After converting to Judaism many years ago, I sought to feel more connected by building a recipe repertoire that combined my new Jewish heritage with my inherited Italian one. Learning more about cheesecakes was one of many great pleasures in this journey.

First, cheesecake is savored during Shavuot, the upcoming holiday festival I find especially meaningful because it features a reading about Judaism’s first convert, Ruth. Furthermore, to me cheesecake represents the Jewish experience of starting over (also fitting for this holiday commemorating the Israelites’ acceptance of the Torah at Mount Sinai).

The dense creamy versions we know and love today evolved in the New York delis of Jewish immigrants rebuilding their lives. Their cheesecakes first took inspiration from the likes of German kasekuchen (cheesecake) and Italian ricotta cheesecakes, but came into their own decadent iterations by the 1930s when Jewish bakers began using a relatively new product, cream cheese. Cheesecake soon spread far and wide to restaurants and home kitchens.

Cheesecake also means family connections. I first fell in love with cheesecake growing up, when my mom made a pumpkin swirl version with a gingersnap crust, so it will always be a special family dessert. But after I converted and got married, cheesecake became a connection to my new Jewish family as well. My husband’s cousin Nita (who was born Jewish but learned Italian cooking from her husband’s family—she’s my Jewish-Italian “mirror image”) was a master cheesecake baker thanks to her Italian in-laws. Her embrace of the two cultures inspired me—as did her skills with cream cheese and springform pans!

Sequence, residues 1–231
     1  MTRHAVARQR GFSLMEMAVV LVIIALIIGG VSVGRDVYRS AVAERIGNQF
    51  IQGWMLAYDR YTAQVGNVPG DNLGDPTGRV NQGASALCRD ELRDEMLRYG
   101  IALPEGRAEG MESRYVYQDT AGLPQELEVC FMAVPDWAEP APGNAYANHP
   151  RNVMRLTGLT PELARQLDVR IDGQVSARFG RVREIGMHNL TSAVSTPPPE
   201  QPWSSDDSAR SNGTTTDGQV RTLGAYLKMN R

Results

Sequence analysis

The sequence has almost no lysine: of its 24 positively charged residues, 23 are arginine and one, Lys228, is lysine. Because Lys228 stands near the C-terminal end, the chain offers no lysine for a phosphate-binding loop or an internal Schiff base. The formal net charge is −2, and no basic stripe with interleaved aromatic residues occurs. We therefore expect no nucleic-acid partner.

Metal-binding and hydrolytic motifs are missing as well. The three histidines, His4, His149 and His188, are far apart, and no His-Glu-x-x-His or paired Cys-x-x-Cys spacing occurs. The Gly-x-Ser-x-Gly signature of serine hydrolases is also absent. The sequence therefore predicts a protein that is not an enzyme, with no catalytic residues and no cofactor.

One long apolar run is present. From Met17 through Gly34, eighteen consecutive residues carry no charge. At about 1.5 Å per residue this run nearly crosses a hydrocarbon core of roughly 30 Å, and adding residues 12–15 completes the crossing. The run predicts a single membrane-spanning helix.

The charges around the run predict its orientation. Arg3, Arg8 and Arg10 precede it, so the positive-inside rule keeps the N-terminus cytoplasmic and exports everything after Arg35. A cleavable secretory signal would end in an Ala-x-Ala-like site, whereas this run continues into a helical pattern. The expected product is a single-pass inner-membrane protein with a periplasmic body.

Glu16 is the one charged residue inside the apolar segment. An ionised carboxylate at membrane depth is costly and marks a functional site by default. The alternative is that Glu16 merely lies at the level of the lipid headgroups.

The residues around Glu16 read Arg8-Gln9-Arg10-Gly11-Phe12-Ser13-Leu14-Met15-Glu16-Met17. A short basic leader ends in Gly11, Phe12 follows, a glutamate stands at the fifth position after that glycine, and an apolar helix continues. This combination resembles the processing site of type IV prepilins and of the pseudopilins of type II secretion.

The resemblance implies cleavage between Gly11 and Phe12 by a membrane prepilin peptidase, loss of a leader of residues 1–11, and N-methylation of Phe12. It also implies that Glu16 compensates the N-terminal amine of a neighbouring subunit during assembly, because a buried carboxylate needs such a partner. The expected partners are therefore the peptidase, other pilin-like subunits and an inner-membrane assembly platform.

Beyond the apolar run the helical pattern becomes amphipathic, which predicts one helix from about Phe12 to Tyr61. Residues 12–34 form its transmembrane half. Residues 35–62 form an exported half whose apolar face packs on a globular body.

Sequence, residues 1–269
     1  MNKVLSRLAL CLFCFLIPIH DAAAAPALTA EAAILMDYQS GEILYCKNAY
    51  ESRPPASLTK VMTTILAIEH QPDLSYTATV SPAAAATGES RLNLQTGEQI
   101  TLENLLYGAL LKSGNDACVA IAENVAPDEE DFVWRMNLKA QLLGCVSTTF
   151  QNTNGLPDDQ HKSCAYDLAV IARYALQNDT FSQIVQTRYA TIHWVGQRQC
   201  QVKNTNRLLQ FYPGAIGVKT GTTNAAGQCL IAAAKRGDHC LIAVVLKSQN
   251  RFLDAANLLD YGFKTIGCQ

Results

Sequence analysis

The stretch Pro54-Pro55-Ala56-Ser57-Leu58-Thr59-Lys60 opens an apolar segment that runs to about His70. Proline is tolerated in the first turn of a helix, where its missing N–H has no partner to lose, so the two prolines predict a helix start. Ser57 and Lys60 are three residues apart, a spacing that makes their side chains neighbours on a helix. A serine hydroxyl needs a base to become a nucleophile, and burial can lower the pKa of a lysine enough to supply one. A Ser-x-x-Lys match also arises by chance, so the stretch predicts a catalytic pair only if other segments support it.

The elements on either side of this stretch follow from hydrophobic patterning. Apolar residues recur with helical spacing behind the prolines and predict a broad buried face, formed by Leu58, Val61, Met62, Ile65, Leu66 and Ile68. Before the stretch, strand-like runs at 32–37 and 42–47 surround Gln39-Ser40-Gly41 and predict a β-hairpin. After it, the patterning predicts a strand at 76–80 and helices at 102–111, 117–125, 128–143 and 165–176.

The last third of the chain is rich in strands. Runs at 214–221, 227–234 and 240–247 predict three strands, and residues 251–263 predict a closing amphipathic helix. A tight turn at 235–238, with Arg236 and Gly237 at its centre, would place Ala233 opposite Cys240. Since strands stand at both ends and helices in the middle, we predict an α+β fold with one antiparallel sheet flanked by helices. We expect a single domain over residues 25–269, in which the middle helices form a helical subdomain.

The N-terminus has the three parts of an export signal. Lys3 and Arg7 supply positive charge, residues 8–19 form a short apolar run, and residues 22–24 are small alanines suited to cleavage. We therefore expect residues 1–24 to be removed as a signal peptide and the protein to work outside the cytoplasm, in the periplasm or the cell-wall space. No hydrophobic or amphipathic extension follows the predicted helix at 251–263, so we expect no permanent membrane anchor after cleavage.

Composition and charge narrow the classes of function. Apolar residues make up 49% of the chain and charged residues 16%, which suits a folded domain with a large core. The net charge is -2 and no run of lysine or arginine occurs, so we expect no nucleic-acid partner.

So when Shavuot comes along and cheesecake madness sets it, I have go-to recipes to accompany my savory Shavuot recipes. But it’s been awhile since I’ve ventured beyond my usual cheesecake favorites, so seeing Nutella cheesecake on a restaurant menu recently piqued my interest as a possible playful addition to my Jewish-Italian repertoire.

Nutella, a chocolate hazelnut paste created by an Italian confectioner in 1964, is not gourmet or classic Italian cuisine by any means (think of it as an Italian equivalent to peanut butter), but it is fun and delicious nonetheless.

For my new cake, I revisited one of Nita’s recipes for a light and airy no-bake cheesecake, which seemed like a good match for the quite-dense Nutella. Plus, I liked the idea of a quicker, simpler recipe (as much as I adore the baked, water-bath version, it’s a production that I don’t always have time for).

Her recipe called for whipped cream, and I added some Italian mascarpone as well for structure, sweetness and subtle depth of flavor. The Nutella folds in nicely, and the resulting filling is so smooth and creamy that I renamed this “mousse cheesecake.” A crushed chocolate cookie crust proves just the right foil for the chocolaty nutty cream.

Though the cake really needs no further adornment, I enjoy garnishing each slice with half a Ferrero Rocher chocolate hazelnut candy, which accents the main flavor and gives a little light crunch as well. It’s an Italian kiss on top of a deliciously decadent cake—a recipe that unites heritages, honors holidays and nods to the connections we build among cultures, cuisines and families.